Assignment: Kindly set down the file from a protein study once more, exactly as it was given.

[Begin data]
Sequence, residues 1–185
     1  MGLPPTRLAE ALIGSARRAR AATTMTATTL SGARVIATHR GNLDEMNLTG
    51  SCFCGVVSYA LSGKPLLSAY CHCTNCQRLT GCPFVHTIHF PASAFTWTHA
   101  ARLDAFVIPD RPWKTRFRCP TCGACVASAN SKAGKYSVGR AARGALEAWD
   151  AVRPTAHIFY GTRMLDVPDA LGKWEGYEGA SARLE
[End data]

Sequence, residues 1–185
     1  MGLPPTRLAE ALIGSARRAR AATTMTATTL SGARVIATHR GNLDEMNLTG
    51  SCFCGVVSYA LSGKPLLSAY CHCTNCQRLT GCPFVHTIHF PASAFTWTHA
   101  ARLDAFVIPD RPWKTRFRCP TCGACVASAN SKAGKYSVGR AARGALEAWD
   151  AVRPTAHIFY GTRMLDVPDA LGKWEGYEGA SARLE